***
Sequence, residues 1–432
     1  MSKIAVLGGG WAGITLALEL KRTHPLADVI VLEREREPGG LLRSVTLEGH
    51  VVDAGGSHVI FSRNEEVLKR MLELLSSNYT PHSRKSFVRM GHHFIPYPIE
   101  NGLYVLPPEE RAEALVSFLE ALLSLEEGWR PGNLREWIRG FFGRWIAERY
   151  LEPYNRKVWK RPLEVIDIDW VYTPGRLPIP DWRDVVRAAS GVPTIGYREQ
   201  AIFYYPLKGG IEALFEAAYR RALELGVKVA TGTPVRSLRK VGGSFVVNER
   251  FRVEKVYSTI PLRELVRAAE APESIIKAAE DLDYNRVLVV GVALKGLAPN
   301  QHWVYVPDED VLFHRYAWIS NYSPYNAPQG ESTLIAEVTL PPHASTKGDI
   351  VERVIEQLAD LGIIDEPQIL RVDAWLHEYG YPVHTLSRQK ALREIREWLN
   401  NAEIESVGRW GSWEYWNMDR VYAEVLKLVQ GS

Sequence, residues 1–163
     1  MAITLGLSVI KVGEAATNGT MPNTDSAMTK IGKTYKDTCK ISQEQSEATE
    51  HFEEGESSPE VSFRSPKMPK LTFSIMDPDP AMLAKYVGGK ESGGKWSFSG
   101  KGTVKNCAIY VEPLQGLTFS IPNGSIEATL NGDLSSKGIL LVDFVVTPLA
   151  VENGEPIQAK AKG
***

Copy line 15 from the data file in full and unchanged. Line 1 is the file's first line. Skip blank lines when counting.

   151  VENGEPIQAK AKG